The average size (24.4 nm) of Ag2O nanoparticles can be estimated using the Scherrer equation from the line broadening of the (111) reflection. D=kλ/βcosθ, where D=thickness of the nanocrystal, k(Constant)= 0.94, λ= wavelength of X-rays, β=width at half maxima of (111) reflection at 2θ Bragg’s angle.
IR spectroscopy of silver(I) oxide
Fig. 7b shows the IR spectrum of silver(I) oxide. The absorption bands at 520 cm-1 shows Ag–O bond, and the absorption bands at 3430 and 1638 cm-1 are attributed to the ν(OH) stretching and bending vibrations, respectively, indicating the presence of physisorbed water molecules linked to Ag2O nanoparticles .
Table 1 shows the antibacterial activity results of Schiff bases ligand, bulk and nanorod complex and silver (I) oxide nanoparticles evaluated by well diffusion method against Staphylococcus aureus, Enterococcus faecalisand Escherichia coli and Pseudomonas aeruginosa. We found that the ligand shows lower antibacterial activity compared to the other compounds (bulk complex, nano-rod complex and silver (I) oxide nanoparticles). It seems that the nano-rod complex was more effective than the bulk complex against all tested bacteria; this is probably due to the diminished size of particles in these complexes. The MIC values for the compounds were in the range of 0.195-50 mg/ml. The results show that the compounds were effective on bacteria (Table 2). According to the results, the complex was more effective against bacteria. It is probably due to the positive charge of central atom shared with donor atoms of ligand and pi electron delocalization in over the whole chelate moiety, leading to the lipophilic nature and positive charge of complex. This property makes it stronger in penetrating through the lipid layers of microbial membranes and therefore, a better anti-bacterial agent.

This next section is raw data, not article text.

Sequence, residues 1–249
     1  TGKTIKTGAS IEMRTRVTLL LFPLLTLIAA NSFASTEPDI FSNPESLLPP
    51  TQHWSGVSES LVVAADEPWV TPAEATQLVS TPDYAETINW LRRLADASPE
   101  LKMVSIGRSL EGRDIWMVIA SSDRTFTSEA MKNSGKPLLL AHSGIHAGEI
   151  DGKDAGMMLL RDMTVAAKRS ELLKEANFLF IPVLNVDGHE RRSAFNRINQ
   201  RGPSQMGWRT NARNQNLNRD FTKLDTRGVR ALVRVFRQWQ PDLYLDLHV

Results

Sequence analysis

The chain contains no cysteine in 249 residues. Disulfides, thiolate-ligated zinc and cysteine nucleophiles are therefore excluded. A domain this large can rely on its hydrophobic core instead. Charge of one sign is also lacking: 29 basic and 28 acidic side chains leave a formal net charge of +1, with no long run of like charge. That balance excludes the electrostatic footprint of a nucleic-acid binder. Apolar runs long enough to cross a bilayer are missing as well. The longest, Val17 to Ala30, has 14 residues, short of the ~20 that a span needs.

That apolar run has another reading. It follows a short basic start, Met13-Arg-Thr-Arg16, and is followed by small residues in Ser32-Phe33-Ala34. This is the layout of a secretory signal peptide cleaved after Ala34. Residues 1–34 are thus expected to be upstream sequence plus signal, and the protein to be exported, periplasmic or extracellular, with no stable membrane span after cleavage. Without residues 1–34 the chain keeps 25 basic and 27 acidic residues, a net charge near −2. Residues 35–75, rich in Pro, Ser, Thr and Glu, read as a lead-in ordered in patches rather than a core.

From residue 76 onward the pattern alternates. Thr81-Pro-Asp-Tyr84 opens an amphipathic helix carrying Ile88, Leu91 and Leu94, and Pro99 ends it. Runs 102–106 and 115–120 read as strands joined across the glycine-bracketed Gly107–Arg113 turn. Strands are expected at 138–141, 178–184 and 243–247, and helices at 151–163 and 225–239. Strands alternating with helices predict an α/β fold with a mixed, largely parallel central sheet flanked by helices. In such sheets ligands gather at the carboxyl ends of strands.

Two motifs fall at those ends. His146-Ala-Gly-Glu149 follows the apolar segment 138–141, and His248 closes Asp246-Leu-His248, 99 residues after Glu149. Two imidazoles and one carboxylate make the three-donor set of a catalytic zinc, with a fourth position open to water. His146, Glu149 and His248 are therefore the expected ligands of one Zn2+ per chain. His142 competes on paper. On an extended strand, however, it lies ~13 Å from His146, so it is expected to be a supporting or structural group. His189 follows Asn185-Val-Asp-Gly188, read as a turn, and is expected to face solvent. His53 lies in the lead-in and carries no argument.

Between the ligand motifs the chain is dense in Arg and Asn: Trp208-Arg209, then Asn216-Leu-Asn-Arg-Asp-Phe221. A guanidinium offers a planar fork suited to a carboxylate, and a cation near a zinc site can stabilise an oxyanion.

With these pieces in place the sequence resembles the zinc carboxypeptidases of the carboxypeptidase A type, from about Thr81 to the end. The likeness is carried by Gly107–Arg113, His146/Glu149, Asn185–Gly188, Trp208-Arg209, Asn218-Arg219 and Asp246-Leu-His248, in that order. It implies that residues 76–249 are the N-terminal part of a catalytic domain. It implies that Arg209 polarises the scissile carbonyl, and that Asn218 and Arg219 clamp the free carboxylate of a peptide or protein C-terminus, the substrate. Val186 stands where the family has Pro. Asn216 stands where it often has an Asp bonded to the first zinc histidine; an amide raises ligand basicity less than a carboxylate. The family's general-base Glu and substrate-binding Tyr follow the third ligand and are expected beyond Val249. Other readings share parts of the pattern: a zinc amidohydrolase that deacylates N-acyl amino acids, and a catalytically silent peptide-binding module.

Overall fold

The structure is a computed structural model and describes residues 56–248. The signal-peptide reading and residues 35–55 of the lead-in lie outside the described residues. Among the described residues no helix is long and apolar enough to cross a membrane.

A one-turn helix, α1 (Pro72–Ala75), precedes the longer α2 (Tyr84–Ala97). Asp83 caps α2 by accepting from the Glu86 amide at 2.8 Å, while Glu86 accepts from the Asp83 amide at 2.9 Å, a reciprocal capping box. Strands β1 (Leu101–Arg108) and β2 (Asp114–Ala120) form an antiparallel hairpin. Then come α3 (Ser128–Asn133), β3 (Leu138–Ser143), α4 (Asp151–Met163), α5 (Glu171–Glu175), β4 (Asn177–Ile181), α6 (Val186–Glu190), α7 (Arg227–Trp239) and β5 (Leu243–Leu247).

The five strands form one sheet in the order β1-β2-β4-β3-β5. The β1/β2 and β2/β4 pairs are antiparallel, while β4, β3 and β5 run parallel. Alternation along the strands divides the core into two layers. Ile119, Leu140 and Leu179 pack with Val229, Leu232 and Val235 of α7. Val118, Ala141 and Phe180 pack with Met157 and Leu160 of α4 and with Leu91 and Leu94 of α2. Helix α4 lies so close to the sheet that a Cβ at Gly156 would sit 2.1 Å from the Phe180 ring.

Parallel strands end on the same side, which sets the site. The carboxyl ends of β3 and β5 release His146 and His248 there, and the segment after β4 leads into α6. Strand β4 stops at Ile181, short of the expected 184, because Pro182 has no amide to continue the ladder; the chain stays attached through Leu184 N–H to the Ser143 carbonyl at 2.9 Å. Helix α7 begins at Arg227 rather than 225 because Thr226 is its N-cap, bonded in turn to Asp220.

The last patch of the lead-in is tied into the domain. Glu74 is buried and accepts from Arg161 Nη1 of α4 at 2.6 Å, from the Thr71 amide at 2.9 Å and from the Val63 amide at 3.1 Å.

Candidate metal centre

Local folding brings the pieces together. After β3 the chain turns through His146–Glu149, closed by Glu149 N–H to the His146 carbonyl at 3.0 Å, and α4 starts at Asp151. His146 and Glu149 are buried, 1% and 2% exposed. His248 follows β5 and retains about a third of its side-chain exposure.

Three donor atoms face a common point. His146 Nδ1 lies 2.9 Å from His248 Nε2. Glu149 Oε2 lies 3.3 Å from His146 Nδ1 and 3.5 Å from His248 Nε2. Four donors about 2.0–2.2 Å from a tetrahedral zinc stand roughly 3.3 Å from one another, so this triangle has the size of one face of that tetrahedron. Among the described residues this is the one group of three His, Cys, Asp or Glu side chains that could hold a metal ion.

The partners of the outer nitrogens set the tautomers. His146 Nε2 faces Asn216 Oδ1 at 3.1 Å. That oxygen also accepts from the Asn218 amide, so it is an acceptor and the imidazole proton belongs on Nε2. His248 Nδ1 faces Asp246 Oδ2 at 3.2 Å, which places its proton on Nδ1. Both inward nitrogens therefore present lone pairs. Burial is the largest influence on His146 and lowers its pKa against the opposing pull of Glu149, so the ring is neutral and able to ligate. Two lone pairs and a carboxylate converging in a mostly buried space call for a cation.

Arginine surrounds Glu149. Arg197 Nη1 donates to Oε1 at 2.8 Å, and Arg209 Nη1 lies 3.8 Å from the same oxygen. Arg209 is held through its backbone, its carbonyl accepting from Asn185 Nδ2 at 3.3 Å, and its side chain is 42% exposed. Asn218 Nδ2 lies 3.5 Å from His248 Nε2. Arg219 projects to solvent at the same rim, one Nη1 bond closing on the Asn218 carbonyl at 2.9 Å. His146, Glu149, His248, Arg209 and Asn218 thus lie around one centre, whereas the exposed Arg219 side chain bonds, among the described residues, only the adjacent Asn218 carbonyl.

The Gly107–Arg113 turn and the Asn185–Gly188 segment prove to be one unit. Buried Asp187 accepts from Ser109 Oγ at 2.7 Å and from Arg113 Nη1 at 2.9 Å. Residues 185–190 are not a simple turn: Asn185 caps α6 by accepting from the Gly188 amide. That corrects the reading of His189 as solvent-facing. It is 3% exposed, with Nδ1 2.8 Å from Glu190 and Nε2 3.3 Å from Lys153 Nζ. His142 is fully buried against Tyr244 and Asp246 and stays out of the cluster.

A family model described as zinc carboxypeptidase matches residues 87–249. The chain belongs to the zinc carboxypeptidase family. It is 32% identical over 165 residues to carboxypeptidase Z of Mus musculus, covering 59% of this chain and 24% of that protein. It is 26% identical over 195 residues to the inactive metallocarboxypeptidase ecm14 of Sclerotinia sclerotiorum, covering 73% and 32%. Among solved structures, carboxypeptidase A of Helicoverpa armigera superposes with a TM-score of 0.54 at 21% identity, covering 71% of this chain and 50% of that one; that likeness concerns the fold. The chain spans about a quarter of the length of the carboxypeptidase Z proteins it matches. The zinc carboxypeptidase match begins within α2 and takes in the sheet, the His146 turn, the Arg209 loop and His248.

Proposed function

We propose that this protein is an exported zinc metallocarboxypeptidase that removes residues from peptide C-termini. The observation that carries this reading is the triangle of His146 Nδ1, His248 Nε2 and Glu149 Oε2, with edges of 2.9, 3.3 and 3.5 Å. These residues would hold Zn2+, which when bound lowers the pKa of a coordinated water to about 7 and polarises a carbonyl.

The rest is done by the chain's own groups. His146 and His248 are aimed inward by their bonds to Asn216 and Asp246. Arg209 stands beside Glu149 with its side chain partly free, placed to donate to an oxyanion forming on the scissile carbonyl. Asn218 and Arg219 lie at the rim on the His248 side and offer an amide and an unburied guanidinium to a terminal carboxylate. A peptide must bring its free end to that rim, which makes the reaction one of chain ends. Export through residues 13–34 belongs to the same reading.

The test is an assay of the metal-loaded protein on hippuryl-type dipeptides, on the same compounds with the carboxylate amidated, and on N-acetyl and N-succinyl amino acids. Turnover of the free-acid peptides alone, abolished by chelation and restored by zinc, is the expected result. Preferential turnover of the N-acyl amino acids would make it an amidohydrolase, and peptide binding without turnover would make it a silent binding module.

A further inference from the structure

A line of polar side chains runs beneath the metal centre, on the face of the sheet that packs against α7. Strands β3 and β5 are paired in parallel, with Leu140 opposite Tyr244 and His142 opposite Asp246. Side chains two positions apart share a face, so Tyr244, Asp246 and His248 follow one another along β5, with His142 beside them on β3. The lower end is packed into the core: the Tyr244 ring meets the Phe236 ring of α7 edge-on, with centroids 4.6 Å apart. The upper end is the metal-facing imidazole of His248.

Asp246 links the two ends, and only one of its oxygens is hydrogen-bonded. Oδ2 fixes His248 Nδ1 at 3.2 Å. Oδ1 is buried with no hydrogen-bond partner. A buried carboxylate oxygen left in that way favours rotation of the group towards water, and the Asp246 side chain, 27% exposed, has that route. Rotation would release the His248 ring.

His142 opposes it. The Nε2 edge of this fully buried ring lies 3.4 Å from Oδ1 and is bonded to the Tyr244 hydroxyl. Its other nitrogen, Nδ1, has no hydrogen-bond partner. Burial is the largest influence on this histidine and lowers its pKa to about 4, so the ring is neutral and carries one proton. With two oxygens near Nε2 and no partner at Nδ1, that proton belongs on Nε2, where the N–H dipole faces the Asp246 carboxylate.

The Schiff base ligand (L), 2,5-bis(3-pyridyl)-3,4-diaza-2,4-hexadiene (3-bpdh), the bulk and nanorod complex, and silver(І) oxide nanoparticles were synthesized and characterized by spectroscopic methods such as IR, SEM, XRD and EDAX. In addition, experimental investigations showed that these compounds have an antibacterial activity against E. coli, S. aureus, Enterococcus faecalis and P. aeruginosa. Results showed that compound 1 in nano-scale and silver(I) oxide nanorods have stronger antibacterial effects against E. coli, S. aureus, and P. aeruginosa bacteria in comparison with Schiff base ligand, and that nanorod silver(І) particles have a good antibacterial activity in comparison with bulk complex.
The authors acknowledge financial support by Shahid Bahonar University of kerman
CONFLICT OF INTEREST
The authors confirm that this article content has no conflict of interest.